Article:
Review: ‘Norse Mythology’ by Neil Gaiman

Norse Mythology by Neil Gaiman
W. W. Norton & Company (February 2017)
304 pages; $13.66 hardback; $9.32 e-book
Reviewed by Dave Simms

Norse mythology has always been a strange beast. Its tenets reach around what most readers know from Greek, Roman, and Christian stories, delving into the darker but wackier side of the tales passed down through our Jungian collective. Whereas most other cultures took themselves a little too seriously for the most part, Norse mythology dances with the devil, tosses him in the air, tosses back a few, and laughs into the great beyond.

What better author to spin these tales than Neil Gaiman, whose writing voice is perfect for such an undertaking. With American Gods, both the novel and the series, it’s apparent he doesn’t deem unthinking reverence too high on his list when compiling his entertaining yet dark myths. When Norse Mythology opens, lean back, guzzle a massive mug of mead, and let the man take you away. Some stories will whisper in your ear or walk you around the trails with their tales. Neil has always been the friendly guy in the pub who never has to pay for his drinks, and in this collection, you can see why.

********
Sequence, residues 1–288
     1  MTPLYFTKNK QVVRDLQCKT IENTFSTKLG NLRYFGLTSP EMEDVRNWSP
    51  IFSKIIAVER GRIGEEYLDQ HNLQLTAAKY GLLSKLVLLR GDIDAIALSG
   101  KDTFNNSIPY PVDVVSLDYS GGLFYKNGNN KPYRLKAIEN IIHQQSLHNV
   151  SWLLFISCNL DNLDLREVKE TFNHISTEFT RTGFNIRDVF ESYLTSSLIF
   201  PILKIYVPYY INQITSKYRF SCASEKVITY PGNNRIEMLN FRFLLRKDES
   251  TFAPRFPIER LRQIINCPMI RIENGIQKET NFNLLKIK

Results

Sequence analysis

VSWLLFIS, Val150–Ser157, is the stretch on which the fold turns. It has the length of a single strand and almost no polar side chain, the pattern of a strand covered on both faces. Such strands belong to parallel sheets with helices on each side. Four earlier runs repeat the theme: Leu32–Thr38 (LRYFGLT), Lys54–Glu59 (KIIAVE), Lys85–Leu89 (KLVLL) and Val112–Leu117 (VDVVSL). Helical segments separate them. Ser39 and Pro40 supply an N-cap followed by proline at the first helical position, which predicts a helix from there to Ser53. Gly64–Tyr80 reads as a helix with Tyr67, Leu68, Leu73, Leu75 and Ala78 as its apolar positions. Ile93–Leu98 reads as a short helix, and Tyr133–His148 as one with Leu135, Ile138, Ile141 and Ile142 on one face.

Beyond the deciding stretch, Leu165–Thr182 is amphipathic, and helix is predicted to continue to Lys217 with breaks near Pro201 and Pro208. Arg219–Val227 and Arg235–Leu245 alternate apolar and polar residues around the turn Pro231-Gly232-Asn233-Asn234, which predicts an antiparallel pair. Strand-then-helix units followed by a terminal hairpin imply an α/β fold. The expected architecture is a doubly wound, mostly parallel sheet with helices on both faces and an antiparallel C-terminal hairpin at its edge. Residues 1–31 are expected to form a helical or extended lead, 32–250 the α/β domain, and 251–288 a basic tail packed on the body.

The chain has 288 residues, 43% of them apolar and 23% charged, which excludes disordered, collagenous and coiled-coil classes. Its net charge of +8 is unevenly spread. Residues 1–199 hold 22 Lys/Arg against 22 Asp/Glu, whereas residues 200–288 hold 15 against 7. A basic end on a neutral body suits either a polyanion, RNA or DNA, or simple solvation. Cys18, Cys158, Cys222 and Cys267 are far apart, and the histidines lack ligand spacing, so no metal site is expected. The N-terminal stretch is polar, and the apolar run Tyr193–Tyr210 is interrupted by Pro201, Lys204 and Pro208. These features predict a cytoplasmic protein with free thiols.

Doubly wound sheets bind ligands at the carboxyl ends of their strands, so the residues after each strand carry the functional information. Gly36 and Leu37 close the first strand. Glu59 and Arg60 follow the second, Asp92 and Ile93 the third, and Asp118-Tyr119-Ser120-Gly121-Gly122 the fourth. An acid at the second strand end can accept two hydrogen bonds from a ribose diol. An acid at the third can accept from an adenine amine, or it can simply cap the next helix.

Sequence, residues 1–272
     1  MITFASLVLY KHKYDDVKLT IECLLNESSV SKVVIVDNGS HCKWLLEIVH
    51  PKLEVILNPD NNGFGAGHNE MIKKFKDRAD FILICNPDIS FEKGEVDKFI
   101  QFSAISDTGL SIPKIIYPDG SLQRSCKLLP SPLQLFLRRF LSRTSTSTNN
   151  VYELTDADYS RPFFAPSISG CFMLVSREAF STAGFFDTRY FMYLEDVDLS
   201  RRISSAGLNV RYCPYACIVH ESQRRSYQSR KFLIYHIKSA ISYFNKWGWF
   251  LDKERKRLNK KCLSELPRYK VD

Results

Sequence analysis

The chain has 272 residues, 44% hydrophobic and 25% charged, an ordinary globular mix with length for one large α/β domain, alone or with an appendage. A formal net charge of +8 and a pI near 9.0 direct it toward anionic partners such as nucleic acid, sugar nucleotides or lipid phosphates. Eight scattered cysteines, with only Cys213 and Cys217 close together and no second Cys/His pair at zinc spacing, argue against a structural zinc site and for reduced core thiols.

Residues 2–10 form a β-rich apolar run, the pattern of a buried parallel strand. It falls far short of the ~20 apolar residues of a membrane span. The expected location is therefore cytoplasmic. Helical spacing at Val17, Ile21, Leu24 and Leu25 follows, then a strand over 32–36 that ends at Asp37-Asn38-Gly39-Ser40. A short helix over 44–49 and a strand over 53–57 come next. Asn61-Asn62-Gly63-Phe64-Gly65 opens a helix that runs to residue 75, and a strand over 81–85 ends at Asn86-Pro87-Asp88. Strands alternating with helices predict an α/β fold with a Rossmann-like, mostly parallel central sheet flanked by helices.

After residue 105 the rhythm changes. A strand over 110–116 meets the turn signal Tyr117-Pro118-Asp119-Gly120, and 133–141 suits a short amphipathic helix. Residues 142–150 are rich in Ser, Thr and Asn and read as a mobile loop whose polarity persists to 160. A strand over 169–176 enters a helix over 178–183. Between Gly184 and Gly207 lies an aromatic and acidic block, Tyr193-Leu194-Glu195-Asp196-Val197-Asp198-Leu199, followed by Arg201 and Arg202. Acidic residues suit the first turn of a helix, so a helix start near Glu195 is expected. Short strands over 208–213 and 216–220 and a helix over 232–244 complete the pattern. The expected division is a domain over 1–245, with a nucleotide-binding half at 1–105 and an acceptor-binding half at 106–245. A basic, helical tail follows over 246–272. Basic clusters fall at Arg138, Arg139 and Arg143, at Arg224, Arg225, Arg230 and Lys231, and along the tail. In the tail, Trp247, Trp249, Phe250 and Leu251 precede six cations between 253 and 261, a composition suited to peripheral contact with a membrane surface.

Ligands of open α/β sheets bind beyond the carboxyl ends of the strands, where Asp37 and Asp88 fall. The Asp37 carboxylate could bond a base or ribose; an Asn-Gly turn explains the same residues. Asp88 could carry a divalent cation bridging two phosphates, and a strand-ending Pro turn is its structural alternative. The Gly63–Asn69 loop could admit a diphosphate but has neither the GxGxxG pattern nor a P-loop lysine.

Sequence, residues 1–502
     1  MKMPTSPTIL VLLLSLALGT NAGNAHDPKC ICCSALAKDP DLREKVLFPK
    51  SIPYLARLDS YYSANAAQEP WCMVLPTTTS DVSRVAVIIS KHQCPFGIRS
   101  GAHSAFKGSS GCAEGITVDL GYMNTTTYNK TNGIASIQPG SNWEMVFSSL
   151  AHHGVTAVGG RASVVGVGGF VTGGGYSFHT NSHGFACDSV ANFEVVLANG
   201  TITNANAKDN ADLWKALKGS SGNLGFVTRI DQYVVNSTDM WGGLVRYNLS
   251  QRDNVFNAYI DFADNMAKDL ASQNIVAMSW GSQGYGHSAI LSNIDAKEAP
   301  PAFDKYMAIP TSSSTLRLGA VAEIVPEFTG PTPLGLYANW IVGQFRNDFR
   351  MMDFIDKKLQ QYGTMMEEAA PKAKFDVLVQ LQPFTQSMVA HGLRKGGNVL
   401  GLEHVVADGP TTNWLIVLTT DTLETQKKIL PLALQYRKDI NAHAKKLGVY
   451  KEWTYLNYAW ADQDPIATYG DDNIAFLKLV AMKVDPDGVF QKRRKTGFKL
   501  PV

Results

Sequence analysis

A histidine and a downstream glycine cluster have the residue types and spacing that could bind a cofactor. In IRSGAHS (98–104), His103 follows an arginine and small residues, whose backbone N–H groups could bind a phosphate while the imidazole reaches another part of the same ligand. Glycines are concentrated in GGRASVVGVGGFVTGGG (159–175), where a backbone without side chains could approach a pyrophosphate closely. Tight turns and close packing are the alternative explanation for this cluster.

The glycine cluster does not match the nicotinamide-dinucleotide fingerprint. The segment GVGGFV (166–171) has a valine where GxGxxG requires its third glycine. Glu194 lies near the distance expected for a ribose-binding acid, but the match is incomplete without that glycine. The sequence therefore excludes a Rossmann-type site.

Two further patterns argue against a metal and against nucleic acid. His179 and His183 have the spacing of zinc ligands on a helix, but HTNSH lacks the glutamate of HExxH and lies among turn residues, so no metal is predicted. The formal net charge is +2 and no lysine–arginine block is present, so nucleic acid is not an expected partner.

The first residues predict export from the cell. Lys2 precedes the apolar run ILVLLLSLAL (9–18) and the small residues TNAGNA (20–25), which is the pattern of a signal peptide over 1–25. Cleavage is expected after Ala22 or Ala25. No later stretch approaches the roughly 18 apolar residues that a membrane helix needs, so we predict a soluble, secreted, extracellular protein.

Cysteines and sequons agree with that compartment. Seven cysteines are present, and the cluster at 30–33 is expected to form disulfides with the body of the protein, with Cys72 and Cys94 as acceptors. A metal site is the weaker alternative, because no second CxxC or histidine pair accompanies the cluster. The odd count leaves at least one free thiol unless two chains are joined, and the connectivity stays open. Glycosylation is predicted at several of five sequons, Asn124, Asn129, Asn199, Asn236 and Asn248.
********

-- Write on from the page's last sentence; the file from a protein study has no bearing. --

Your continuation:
Sure, Thor is here, but he’s not the guy depicted in the comics or movies. Bumbling, not so bright goof with warrior skills is more like it. Odin is always present but rarely seen as a bloodthirsty titan. Loki is and will always be the best part of Viking tales. In this book, he’s the ever-present trickster but utterly creative, except for when he does that thing with a horse. Maybe Thor in drag should be mentioned, or the folly of building a wall to keep out undesirables. Of course, there’s the golden apples creation tale that’s just a little familiar in a garden, but it’s Ragnorak which drops the reader deep into the darkness.

There isn’t a bad tale within the collection, mostly due to Gaiman’s writing style, which flows easier than beer from a fresh tap. The rhythm and word choices are as apt and clean as Joe Lansdale or early Clive Barker.

The stories sort of tie together but can easily be read and enjoyed out of sequence. Prediction: Gaman’s new book will be a fixture in universities in no time.

Highly recommended.

Leave a Reply